Re: Recruiters: Is It Just Me?

Subject: Re: Recruiters: Is It Just Me?
From: John Posada <john -at- TDANDW -dot- COM>
Date: Thu, 4 Mar 1999 09:29:49 -0500

<disclaimer---I usualy spell check my messages. Right now, time doesn't
allow me that luxury, so please bear with me on any errors>


Maurice King wrote:
>
> I've found recruiters to be just like any other group of people trying to earn a living: some are reliable, some are not, some are intelligent, some are jerks, etc.
>
> What I find much more difficult to comprehend, however, are the recruiters and/or HR staff who clearly do not read a candidate's résumé or do not know how to read at all. Not long ago, I applied for a position, only to get back a reply stating that the company in question was only considering candidates with strong background in online Help and HTML design -- both of which are my specialty! This person couldn't have read my résumé beyond my name and address or the information would have jumped off the page.


As you said...some are jerks. Jerks come in all different flavors

>
> Lately I received a rejection via e-mail stating that I lacked a particular required skill that was not obvious on my résumé. It seems to me that if a recruiter has taken the time to write a personal reply, that recruiter could also ask about the skill in question, because sometimes things do not appear within the scope of a résumé. A good example is one job for which I was a candidate that required project management experience. The client in question informed me that because I had never worked with Microsoft Project, I would not be a viable candidate. I was quick to inform that I had worked with Microsoft Project; however, for me, it was just a tool that I used for internal reporting, not for getting the work done. To mention MS Project on my résumé would have been like mentioning a mouse pad on my résumé; sure, I used it, but it wasn't a critical part of my work.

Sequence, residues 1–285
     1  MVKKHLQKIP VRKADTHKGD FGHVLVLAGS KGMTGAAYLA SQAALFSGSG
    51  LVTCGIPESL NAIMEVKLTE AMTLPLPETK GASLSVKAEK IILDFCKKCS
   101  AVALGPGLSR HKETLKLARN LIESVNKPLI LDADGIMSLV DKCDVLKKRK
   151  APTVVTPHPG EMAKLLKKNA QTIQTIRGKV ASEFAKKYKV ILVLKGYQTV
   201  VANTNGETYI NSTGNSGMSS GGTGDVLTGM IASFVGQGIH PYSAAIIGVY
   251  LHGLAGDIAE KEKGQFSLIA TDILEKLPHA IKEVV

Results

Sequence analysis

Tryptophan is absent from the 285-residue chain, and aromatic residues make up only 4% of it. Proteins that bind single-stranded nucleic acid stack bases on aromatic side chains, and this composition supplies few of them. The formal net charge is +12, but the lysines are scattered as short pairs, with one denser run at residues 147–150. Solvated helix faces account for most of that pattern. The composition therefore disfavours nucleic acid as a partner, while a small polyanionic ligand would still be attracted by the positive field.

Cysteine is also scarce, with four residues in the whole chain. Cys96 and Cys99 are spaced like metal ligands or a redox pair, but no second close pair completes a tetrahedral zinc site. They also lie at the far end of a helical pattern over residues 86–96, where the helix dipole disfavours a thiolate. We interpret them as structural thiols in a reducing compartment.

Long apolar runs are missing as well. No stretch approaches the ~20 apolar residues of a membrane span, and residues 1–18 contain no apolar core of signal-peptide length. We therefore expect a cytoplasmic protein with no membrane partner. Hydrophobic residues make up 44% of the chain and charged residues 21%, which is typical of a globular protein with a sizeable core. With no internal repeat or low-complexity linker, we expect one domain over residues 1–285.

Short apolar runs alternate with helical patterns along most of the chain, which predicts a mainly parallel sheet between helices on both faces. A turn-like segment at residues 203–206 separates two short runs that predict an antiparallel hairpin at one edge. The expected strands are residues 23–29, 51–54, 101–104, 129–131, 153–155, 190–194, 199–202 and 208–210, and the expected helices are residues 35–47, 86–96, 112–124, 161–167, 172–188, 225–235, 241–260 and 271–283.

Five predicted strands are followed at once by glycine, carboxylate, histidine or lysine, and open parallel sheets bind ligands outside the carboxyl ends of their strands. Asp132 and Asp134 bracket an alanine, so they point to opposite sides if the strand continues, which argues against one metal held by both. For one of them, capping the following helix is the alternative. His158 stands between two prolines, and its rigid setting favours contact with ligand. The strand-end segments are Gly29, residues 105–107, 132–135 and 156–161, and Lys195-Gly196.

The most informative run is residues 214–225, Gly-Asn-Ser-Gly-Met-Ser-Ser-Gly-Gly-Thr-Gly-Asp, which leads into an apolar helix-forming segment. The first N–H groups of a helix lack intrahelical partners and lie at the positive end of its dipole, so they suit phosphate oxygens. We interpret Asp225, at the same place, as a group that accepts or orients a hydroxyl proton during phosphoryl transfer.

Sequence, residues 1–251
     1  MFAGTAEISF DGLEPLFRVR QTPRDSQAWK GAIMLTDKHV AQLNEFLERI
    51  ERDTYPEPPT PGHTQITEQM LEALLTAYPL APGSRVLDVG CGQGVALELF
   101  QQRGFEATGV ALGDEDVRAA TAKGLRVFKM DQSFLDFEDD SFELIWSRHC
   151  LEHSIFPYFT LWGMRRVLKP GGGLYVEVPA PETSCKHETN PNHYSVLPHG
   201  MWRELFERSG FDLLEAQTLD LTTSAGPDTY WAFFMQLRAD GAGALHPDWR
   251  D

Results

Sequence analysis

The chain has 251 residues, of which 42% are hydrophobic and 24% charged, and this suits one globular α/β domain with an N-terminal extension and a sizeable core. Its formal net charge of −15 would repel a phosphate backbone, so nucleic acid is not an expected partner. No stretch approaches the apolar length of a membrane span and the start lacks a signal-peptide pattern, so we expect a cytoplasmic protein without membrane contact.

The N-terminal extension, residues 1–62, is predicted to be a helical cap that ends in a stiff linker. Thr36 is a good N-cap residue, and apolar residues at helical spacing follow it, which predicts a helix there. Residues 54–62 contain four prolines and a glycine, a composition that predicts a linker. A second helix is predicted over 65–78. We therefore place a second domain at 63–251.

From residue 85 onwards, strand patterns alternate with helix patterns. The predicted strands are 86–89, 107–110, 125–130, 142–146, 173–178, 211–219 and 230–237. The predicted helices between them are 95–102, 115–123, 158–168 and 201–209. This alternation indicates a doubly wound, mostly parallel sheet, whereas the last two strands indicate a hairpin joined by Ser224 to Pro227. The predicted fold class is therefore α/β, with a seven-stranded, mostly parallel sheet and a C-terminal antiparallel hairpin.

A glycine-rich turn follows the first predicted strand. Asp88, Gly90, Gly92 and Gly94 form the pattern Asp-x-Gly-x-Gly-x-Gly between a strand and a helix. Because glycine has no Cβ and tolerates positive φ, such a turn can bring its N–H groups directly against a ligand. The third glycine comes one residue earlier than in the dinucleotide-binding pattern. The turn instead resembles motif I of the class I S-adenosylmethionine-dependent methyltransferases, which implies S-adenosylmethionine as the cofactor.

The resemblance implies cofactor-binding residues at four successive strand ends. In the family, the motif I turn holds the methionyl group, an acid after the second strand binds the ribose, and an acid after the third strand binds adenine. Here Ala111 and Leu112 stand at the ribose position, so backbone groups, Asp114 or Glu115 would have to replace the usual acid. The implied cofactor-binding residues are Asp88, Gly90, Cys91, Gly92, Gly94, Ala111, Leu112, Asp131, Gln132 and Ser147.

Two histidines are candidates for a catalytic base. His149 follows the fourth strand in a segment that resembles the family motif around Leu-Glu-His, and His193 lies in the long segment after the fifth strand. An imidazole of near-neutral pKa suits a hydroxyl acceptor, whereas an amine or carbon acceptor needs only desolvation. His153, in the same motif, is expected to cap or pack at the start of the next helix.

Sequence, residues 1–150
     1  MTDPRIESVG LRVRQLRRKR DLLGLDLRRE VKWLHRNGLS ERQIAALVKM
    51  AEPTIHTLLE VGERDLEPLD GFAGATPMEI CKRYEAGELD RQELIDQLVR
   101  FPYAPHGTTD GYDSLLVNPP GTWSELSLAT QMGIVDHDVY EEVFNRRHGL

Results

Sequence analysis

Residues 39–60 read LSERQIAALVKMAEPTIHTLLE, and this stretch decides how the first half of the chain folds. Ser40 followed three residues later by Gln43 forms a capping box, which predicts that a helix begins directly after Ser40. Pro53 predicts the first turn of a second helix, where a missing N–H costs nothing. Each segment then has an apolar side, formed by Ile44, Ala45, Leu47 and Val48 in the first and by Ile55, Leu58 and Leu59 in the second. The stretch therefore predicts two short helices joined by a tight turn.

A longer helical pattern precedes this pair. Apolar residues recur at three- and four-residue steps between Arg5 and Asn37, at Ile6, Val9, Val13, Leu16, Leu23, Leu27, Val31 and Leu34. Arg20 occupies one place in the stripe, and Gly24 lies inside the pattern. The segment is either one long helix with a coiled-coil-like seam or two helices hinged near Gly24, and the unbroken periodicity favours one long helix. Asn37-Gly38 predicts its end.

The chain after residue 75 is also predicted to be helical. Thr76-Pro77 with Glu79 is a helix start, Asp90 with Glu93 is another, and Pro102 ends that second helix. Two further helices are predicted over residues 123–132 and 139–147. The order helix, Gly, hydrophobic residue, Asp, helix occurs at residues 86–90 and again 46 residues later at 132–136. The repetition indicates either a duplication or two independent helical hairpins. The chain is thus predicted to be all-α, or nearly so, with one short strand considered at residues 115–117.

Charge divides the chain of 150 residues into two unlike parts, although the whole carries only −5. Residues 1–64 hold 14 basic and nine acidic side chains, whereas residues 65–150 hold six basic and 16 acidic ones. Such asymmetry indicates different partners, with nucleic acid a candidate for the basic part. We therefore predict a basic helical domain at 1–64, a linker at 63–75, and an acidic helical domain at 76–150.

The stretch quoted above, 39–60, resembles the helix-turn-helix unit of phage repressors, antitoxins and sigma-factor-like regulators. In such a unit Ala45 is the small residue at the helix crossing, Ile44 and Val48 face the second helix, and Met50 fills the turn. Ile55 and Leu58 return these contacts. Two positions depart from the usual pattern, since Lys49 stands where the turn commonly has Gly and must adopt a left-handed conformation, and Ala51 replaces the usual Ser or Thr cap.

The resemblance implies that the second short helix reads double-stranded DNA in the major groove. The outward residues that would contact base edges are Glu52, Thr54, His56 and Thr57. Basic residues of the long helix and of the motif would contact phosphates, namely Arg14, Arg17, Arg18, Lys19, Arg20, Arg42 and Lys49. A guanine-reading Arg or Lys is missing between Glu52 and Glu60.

Remember, as a technical writer, you write for the reader, not the
writer. You cannot expect them to assume anything. What they see is in
black and white. If that particular skill was on the resume, they you
can expect you to have the skill. Not on the resume, then maybe you
don't. MS Project isn't a skill that EVERYONE has, and true skill at
creating a project plan really is a skill.



>
> On the subject of what sort of résumé to present I have heard many conflicting concepts, and on this I'd like to hear some comments from others. I've been told that a functional résumé almost always rubber-stamps a candidate as a contract employee and that chronological résumés are necessary for staff positions. I have both on hand and have taken to submitting both to recruiters, because no matter how much I revise my
Not really...mine is chrono and definately not staff.
>
>résumé, there's always something that isn't obvious that should be. Because much of my experience was outside the U.S., I have been told by many that I have to give complete details of everything I did, including tools I used, because U.S. companies are not likely to know what I did based upon the company names; however, others have told me that the resultant résumé is unacceptably long. It leaves me wondering if I shouldn't just create a video file to send instead; maybe that way I'd manage to give over everything that was expected of me.


Mine is four pages and I've never heard even a hint about the length.
Make it interesting...make reading it an adventure...make the reader
want to know what happens on the next page. Sprinkle little surprises
throughout, interesting slants to mundane data.

Besides...maybe what you did overseas uses different terms than we'd
use, business is business and the function has got to be similar. If you
are writing for a US audience, write for the reader, use terms that
would be translatable to an American reader even if a native reader
might not know what you are refering to


>
> It is always important to make a good first impression, but when a résumé generates a long procedure of revisions and changes, it is much harder to leave such an impression. How is it possible to resolve this problem?

What revision and change? I refuse to custom taylor a resume for a
situation. The resume is what it is and if they don't like my style of
resume, they wouldn't like my style of writing.


--
John Posada, Technical Writer
Bellcore, where Customer Satisfaction is our number one priority
mailto:john -at- tdandw -dot- com mailto:jposada -at- notes -dot- cc -dot- bellcore -dot- com
phone(w) 732-699-3077 phone(h) 732-291-7811
alpha-pager: 800-864-8444 pin 1857522 http://www.tdandw.com
email pager: mailto:1857522 -at- pagemart -dot- net
My opinions are mine, and neither you nor my company can take credit for
them.
"Give a man a fish and he will eat for a day. Teach him how to fish,
and he will sit in a boat and smoke cigars all day."
"The only perfect document I ever created is still on my hard drive."

From ??? -at- ??? Sun Jan 00 00:00:00 0000=




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